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The Truth About Search Engine Optimization

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Author: Julie Batten


Search engine optimization - or SEO - has been around for pretty much as long as search engines have. Over the years, it has gained both proponents and opponents - many for good reason. The prevalence of sneaky, underhanded tactics, increasing spam in the search engine indexes, and publicized cases of websites being banned from the listings have given SEO a bad rap.

"SEO is just about tricking the search engines," some claim.

In an effort to de-bunk this and other wayward SEO beliefs, we have developed a list of 'top 5 myths about SEO'.

#1 - SEO is all about tricking the search engines

In actuality, good, honest SEO is not about tricking, but analyzing search engine algorithms in an effort to develop websites in a way that consciously supports search engines in doing their job - that is providing the most relevant content to their users. "White hat" SEOers understand that what's good for users is also typically good for search engines, and they strive to not 'trick' search engines, but be forthright in giving them exactly what they want.

#2 - SEO is all about the meta-tags

In a previous life, webmasters would stuff the meta-keyword tag with their desired terms, and voila!, a top spot in the rankings. SEO was about the meta-tags and not much else. Whether this approach worked then or not, it most certainly does not today. In addition to the multitude of other 'on page' ranking factors that now seem to matter (such as keyword-rich copy, anchor text, and file names), sites now more than ever have to look 'off site' - most importantly, at the volume and quality of their inbound links.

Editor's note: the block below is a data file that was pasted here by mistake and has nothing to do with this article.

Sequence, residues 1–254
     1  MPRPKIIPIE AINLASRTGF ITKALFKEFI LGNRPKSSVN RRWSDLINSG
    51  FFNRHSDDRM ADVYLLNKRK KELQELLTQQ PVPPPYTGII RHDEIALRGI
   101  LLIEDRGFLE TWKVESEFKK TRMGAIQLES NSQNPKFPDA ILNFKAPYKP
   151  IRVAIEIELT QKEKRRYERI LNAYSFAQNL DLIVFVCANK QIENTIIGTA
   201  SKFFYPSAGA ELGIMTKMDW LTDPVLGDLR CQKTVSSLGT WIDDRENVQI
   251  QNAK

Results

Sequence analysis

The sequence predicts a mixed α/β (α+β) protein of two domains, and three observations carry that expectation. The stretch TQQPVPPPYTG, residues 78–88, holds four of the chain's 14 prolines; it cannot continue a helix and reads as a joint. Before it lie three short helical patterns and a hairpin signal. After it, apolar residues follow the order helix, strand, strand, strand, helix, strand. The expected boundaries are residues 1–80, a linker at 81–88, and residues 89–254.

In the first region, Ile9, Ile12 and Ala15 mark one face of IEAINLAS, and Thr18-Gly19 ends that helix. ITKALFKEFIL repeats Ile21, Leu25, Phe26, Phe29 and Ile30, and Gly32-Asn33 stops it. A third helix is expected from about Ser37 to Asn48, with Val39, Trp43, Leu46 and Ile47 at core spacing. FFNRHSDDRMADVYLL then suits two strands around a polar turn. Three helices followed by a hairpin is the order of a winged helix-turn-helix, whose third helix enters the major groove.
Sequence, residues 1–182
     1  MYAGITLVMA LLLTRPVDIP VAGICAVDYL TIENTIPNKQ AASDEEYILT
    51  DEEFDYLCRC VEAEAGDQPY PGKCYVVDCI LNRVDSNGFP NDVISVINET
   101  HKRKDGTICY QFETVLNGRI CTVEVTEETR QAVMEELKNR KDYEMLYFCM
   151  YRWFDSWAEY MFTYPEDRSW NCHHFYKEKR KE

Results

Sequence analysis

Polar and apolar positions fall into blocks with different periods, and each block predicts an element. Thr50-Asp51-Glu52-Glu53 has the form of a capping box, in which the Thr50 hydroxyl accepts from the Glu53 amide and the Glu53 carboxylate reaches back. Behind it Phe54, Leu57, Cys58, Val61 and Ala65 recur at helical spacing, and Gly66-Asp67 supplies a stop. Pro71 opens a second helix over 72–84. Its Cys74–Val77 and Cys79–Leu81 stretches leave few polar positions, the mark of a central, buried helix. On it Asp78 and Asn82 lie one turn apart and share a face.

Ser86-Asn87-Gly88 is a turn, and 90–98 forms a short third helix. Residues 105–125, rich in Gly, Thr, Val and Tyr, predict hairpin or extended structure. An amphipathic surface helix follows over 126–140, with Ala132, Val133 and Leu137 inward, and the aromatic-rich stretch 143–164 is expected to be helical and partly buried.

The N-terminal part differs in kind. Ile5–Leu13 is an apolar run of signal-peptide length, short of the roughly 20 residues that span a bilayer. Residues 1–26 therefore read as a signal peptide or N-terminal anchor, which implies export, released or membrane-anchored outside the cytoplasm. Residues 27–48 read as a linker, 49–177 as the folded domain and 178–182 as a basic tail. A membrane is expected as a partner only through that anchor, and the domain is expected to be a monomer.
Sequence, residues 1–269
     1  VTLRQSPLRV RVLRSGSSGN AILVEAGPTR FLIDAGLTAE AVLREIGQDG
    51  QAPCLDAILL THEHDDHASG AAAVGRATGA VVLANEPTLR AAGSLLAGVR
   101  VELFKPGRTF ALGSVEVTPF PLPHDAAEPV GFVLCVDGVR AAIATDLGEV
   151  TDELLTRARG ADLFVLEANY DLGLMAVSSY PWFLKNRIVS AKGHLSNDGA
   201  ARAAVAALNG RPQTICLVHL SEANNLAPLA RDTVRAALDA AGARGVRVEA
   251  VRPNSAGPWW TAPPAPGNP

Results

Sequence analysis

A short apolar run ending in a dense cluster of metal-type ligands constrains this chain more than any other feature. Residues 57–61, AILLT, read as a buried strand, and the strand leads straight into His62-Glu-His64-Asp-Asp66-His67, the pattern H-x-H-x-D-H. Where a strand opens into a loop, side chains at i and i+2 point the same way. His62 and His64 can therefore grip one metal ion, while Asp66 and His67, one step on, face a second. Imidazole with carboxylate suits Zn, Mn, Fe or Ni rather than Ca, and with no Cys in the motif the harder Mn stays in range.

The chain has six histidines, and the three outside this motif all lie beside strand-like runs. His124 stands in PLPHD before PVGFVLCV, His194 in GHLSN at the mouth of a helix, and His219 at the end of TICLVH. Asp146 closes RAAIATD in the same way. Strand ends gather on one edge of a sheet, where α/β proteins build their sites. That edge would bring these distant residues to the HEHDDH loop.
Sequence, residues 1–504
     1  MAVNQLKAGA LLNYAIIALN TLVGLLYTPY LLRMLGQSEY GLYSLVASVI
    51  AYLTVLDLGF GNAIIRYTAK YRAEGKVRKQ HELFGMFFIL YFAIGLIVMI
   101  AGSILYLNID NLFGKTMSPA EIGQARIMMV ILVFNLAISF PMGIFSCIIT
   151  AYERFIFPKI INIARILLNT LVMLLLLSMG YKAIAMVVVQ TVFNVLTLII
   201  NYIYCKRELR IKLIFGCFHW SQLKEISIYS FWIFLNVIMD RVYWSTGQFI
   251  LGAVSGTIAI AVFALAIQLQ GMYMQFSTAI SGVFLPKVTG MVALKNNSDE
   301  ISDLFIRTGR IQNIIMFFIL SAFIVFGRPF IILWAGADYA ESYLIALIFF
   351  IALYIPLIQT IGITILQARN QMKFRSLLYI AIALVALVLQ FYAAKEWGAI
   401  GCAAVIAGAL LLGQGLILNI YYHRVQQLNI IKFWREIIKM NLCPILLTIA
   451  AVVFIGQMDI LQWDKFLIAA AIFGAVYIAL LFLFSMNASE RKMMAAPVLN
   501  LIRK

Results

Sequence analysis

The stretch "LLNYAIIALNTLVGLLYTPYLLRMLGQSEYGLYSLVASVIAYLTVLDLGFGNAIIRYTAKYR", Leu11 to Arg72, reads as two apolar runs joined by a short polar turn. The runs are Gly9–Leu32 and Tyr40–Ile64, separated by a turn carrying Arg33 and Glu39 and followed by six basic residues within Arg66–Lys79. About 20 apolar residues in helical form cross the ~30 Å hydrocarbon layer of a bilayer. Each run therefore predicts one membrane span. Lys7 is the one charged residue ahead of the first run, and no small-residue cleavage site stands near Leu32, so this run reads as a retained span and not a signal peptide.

#3 - You only have to do SEO once

A recipe for SEO failure: optimize your pages once, obtain great rankings, and let simmer forever. On the contrary, successful SEO requires on-going evaluation and tweaking of strategies in order maintain and enhance positioning. With search engine algorithms changing by the hour, searcher behaviour maturing, and the competitive environment constantly shifting, does it stand to reason that your rankings today will remain the same 6 months - or weeks - from now? Without an on-going commitment to SEO, probably not.

#4 - Anyone can do SEO right

You read an e-book on SEO. You attended an SES conference. You're now a seasoned SEO expert, right? Wrong. Although SEO is definitely NOT rocket science, it does take a level of knowledge, and most importantly, experience, to really succeed. The knowledge that comes from testing out various techniques and working with a wide variety of websites over time is invaluable. Knowing how and why to select the right keywords is crucial, and understanding the impact of the site's design and coding on SEO is just as important. The bottom line: Yes, anyone can 'do' SEO, but it's much more difficult to really do it right.

#5 - SEO is purely the webmaster's job

Your webmaster is responsible to make sure that the front and back end of the site performs as it should. They are typically a technical person; a programmer. They are definitely not marketers. They might implement the SEO changes to the site, but actually determining what should be changed should be in the hands of the content authors and marketing/comm people in your organization. Hoisting the full responsibility for SEO on the webmaster's shoulders can produce less than desirable results as these 'techies' struggle to imagine what a customer would type into a search engine, and then attempt to massage these words into your agency-perfected copy. Instead, make optimization a collective initiative - ideally with the guidance of an SEO expert - and give your webmaster a break.

About the author: As the manager of the SEM Solutions Group at non-linear creations, Julie Batten manages the search engine marketing team to deliver exceptional client results by means of organic search engine optimization and pay-per-click search engine marketing campaigns. Julie has extensive experience in web marketing and has worked with key clients, including TD Canada Trust, TSX, and Mattamy Homes.

http://www.nonlinear.ca/


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